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Fourthly, a positive psychology perspective seems relevant to working within the South African context. Through identifying, facilitating and working with psychological strengths, such as hope, gratitude, kindness and leadership, in disadvantaged communities, much could be done to enhance both individual and group well-being in our society. Finally, integrating positive psychology in professional training could contribute to widening the scope of practice of psychologists to include capacity building and prevention. Knowledge of and training in positive psychology could thus generate psychologists with a broader skills set, one that grants them greater professional flexibility.

Therefore, it could be argued that more attention should be given to incorporating positive psychology into all levels of education in psychology truly to develop the notion of a balanced psychology in South Africa. Despite these preliminary findings, however, there are certain limitations to the study that need consideration. Firstly, there was a particular connection between the researcher and the students, often referred to as 'backyard research' Creswell, , which could have influenced the students to provide biased or compromised data.

And, secondly, documents were used as data, which could be incomplete in the sense that there was no opportunity to ask the participants to elaborate on their responses; this could have provided more and richer data. Neither can the findings be generalised to the experiences of students in other training programmes. It could therefore be valuable to explore the experiences of students in subsequent training programmes at this university and to follow these students' professional development over a few years.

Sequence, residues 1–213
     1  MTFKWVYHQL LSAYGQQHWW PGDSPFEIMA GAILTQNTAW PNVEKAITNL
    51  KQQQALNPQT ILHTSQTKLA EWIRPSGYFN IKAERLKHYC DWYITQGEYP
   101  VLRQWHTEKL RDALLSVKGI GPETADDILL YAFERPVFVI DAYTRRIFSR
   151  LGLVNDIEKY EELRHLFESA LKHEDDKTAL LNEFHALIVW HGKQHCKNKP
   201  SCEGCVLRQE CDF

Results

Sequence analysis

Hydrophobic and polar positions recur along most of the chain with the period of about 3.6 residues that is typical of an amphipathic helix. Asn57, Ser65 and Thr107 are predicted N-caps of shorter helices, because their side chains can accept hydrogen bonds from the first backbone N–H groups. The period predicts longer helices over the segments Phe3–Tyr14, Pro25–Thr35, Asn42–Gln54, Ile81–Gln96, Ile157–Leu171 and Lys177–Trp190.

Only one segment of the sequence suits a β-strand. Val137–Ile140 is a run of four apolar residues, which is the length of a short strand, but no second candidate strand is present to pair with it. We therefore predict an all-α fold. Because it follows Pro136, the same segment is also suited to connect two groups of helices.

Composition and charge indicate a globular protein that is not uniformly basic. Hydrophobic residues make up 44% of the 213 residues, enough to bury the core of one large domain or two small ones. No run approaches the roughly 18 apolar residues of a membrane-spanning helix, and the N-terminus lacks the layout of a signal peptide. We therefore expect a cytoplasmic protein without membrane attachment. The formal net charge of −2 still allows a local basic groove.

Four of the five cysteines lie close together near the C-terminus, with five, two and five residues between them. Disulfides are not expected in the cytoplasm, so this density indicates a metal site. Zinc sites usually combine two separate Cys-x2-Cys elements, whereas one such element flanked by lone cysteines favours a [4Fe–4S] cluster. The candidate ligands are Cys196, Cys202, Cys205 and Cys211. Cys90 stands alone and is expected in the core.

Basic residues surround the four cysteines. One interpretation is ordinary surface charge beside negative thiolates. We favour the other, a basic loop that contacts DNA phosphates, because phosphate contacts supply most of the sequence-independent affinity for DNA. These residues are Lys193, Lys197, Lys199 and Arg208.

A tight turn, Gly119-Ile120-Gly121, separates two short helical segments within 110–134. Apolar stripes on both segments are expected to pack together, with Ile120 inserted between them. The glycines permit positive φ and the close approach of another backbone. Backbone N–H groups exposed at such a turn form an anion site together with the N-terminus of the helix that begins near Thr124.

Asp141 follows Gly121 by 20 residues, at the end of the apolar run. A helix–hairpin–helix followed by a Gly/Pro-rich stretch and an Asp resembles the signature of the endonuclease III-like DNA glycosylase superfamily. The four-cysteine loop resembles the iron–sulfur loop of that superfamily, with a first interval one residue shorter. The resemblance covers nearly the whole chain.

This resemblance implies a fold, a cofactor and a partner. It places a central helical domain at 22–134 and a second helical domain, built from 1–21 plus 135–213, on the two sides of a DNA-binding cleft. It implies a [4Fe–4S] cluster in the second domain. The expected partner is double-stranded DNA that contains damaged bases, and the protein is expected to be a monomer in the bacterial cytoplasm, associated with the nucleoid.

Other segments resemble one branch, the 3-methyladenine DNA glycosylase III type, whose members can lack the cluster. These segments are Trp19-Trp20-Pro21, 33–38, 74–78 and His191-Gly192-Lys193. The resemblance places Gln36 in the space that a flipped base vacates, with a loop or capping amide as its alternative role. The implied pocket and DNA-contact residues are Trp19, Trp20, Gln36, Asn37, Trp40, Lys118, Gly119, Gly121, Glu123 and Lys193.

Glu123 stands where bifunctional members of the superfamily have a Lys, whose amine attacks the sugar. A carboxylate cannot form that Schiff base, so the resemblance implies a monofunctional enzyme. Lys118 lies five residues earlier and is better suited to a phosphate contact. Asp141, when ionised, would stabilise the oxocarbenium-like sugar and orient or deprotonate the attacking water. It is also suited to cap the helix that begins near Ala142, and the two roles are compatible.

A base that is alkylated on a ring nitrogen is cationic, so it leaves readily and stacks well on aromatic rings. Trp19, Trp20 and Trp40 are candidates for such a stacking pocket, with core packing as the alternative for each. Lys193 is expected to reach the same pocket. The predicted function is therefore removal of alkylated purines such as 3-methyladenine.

By including quantitative measures on these students' levels of psychological well-being, information in terms of the possible positive effects of including a positive psychology approach in the education and training of psychologists could be collected. Examples of hypotheses for empirical investigation include the following: Are there statistically significant differences between the therapeutic outcomes of psychologists who practise from an integrated pathogenic and positive psychology model and those who practise from the pathogenic model only? Are there significant differences in terms of psychological well-being in psychologists who practise from these two models?

By providing our students with opportunities to identify and enhance their clients' as well as their own psychological strengths and psychological well-being, we could leverage the development of a professional psychology in South Africa that could do much more for the people we are to serve. Ahmed, R. Reviewing clinical psychology training in the post-apartheid period: Have we made any progress?

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A neuroscience agenda for counseling psychology research.